You know, dear peoples, I never expected that I would still be surrounded by boxes over two years after leaving the Flat. But here we are yet again, reboxing the few things that we had unboxed. There are a lot of boxes… I suspect they are busy replicating when I’m not looking. There is no other way to account for it. For I have been very strict with myself. And have only purchased those books and ceramics that were absolutely necessary since moving here.
Now they too have been packed away. The house feels drab and forlorn without their cheerful colourfulness and colourful cheerfulness. I do not have the makings of a minimalist. Variety, colour, pattern bring me joy and lift my spirits. Which is why it seems obvious to me that a prescription for a visit to a museum might be just the thing for those feeling low, as they are trialling in Brussels. I think that our drive to create and to engage with art and to decorate, both ourselves and our surroundings, is integral to our wellbeing. And not just an optional extra.
Art comes to the rescue yet again. This time in the form of an underwater sculpture park off the coast of Tuscany that is helping reduce illegal overfishing in the area and is also a draw for tourists. Genius.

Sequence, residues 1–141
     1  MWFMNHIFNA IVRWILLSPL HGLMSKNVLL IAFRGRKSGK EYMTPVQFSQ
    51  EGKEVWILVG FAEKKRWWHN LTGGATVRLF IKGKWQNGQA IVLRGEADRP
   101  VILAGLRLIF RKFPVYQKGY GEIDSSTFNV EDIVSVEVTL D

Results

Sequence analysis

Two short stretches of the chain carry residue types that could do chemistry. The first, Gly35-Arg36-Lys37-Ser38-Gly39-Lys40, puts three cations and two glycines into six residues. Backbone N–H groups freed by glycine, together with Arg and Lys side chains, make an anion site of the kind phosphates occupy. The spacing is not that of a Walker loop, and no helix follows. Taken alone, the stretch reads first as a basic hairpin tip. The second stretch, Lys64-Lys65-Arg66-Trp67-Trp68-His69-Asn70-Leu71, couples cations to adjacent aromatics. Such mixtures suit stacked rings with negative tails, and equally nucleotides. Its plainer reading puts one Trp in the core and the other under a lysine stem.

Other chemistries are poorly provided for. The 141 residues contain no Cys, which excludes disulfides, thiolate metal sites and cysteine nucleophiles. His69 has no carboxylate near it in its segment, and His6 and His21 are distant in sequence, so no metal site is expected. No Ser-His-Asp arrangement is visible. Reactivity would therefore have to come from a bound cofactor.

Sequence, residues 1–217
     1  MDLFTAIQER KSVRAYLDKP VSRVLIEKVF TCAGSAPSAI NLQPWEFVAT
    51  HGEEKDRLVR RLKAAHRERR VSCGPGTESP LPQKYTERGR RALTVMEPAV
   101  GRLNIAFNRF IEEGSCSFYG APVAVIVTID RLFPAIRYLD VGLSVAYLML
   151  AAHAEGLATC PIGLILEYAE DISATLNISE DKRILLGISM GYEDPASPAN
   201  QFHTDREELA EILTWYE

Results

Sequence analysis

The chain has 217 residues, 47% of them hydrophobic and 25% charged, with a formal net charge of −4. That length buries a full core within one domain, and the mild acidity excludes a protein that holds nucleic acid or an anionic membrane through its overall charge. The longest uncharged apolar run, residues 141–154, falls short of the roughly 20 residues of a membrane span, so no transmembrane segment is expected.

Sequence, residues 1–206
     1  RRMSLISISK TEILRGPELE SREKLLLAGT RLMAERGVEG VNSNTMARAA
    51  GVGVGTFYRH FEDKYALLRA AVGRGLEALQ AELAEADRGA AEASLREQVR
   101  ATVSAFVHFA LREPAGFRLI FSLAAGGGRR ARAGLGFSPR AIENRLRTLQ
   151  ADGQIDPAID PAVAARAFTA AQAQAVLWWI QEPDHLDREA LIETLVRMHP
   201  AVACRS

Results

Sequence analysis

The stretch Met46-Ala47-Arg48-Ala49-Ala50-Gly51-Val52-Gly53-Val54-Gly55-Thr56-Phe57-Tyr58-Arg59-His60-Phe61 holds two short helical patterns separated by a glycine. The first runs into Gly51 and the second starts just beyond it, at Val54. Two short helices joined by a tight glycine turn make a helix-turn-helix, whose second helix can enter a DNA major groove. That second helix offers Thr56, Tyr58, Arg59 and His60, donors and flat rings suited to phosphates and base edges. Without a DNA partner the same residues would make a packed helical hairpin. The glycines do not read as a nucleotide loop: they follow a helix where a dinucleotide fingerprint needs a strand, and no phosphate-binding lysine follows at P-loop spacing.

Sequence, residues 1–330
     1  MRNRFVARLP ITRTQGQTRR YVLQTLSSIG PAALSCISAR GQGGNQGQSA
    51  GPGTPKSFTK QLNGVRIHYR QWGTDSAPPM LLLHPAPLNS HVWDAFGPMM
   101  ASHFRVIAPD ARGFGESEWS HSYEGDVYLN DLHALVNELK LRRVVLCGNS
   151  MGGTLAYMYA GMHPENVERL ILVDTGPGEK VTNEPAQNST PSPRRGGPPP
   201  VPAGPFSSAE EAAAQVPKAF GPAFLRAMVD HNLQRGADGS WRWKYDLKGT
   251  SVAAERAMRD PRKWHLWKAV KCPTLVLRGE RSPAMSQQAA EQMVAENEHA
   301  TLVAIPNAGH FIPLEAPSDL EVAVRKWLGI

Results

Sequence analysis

Great art of course can also help us make sense of the world. Sense seems to be in short supply at the moment. I was heartened to read this article from Big Think. Although America-centric, its general upbeat view on where the world is heading over the next 25 years is an antidote to the “end-of-days-ism” so prevalent now. I think we could all do with a bit of positivity, which, it turns out, is also good for your health.
I have been cheered by the vibrant abstractions of weaver Suzie Taylor and photographer Sebastiaan Knot. And here it is, my favourite project/restoration of the moment, a 1970s house in Noe Valley, San Francisco, brought beautifully up to date by Studio Terpeluk. I was also reminded of the fantastic work of Giuliano Andrea dell’Uva, he of the fabric-lined showers, and that rare thing, an architect happy to embrace colour. I particularly love his ability to insert exciting contemporary interiors into old buildings. He’s definitely a source of inspiration for the perfect house.
This month I’ve been enjoying Bird By Bird by Anne Lamott, which is both funny and instructive, and The Design of Everyday Things by Donald Norman. I am delighted to discover that it’s most definitely the fault of whatever it is that you can’t get to work like it’s supposed to. So there…